Monster Cookies

On Sunday mornings at my church, between Sunday school and the main service, we have snacks in the fellowship hall along with coffee and drinks.  The women in the church take turns bringing these snacks and this past Sunday it was my turn.  You’d have to live in the South to appreciate the fact that Baptists take any opportunity to have an eatin’ in the fellowship hall, even during the twenty or so minutes between services. 

I keep a long list of recipes that I want to make at some point in the future, and Monster Cookies has been on my list for years.  I don’t know why I’ve never made them before, but Saturday I finally did so I would have something to bring for Sunday.  They turned out to be nice, thick cookies with an intense peanut butter flavor, loaded with chocolate chips and M and M’s and lots of quick oats.  The strange part of the recipe is that they don’t have any flour in them, but you won’t miss it.  They are usually dropped by a 1/4 cup measure, which makes massive cookies, but I made most of them much smaller so I would have a lot more.  I used the recipe from one of my favorite cookbooks The Ultimate Southern living Cookbook (First Edition). 

Monster Cookies

1/2 cup butter, softened

1 cup sugar

1 cup plus 2 tablespoons light brown sugar, firmly packed

2 cups peanut butter

3 large eggs

1 teaspoon light corn syrup

1/4 teaspoon vanilla

4-1/2 cups regular or quick oats, uncooked

2 teaspoons baking soda

1/4 teaspoon salt

1 cup candy-coated pieces

1 cup chocolate chips

  1. Beat the butter on medium speed until creamy; gradually add both sugars, beating well.  Add peanut butter and next three ingredients; beat well.  Add the oats, soda, and salt; stir well.  Stir in chocolate chips and candy pieces.  (Dough will be very stiff.)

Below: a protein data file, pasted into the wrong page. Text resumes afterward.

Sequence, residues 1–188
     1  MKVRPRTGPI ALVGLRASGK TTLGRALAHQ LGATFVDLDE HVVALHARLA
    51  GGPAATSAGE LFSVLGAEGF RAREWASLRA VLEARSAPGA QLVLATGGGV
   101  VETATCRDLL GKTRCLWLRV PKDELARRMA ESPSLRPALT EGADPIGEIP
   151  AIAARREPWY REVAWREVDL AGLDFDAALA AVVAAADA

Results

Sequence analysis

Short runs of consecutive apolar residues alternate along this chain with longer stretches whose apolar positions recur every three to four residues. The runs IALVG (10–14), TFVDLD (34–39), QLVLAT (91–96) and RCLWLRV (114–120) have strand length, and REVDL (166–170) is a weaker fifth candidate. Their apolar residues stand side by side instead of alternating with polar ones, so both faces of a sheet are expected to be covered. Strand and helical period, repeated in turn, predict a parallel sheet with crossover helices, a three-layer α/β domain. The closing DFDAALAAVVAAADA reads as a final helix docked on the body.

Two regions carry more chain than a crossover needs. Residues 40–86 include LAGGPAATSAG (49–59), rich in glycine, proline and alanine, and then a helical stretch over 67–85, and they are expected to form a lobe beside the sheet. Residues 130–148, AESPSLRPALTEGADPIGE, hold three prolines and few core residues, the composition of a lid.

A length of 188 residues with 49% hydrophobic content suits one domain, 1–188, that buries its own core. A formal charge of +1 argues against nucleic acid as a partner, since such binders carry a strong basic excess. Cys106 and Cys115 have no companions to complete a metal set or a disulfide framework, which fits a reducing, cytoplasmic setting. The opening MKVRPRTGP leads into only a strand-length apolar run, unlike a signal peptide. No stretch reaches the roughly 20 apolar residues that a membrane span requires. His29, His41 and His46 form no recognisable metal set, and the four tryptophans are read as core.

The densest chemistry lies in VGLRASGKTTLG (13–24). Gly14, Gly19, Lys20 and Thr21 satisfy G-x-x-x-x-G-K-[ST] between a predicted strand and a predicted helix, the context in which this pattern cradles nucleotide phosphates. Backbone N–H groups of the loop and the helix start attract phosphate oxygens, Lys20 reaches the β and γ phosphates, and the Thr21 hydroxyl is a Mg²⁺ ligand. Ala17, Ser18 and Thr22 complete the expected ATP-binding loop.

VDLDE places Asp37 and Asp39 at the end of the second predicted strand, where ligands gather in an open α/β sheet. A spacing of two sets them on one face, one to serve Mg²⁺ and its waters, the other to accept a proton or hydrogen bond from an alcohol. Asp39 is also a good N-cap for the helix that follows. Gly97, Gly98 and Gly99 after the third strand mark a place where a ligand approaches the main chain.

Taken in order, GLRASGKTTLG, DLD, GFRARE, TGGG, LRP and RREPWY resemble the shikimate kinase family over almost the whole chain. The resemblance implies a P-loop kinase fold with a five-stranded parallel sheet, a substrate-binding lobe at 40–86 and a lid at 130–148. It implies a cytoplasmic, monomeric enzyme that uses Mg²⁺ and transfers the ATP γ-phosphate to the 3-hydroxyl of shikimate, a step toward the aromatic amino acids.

2. Pack dough into a 1/4 cup measure or large cookie scoop.  Drop 4-inches apart onto a lightly greased baking sheet.  Lightly press each cookie with fingertips into a 3-1/2 inch circle.
  3. Bake at 350 degrees for 12 to 15 minutes.  Cool slightly on cookie sheets, then transfer to wire racks to cool.  2-1/2 dozen.


  1. says

    Alright! That’s it! I’m officially in love with your blog. I love the first cookie picture! Did you submit it to Tastespotting?
    I also like the step-by-step pics. That’s a lot of work! I’m going to try making these for Halloween, I think.

  2. says

    Erin-Thanks for stopping by and I’m sorry it was so hard to link up! You are sweet to take the time to do it!
    Candy and Lisa-These are very kid-friendly cookies. And might I add the the raw dough tastes outstanding.
    Mary and Heidi-Glad you girls stopped by! Wish you were here so we could have some coffee and cookies together. Or at least coffee-the cookies are gone.
    Shara-Thank you so much and I’m so glad you stopped by. I will be checking your blog out soon!
    Veronica-I don’t know how that picture, that very unfocused picture, posted as super size. Geesh! I really don’t know what I’m doing as far as this blogging stuff goes. Since these cookies have oatmeal in them, you have my permission to eat them for breakfast because oatmeal IS a breakfast food.

  3. says

    Oh boy, that picture of the big cookies with the glass of milk??? My Kashi Go Lean Crunch that I’m eating right now is just not cutting it…I want cookies for breakfast! I also really like the whirling mixer photo!

  4. says

    I made it! The only way I can get here is through the link on Picky Palate’s blog spot. Go figure. At least I know how to find my way back. I’ll post a link on my blog and hopefully it will work! Cookies look monstrously good.

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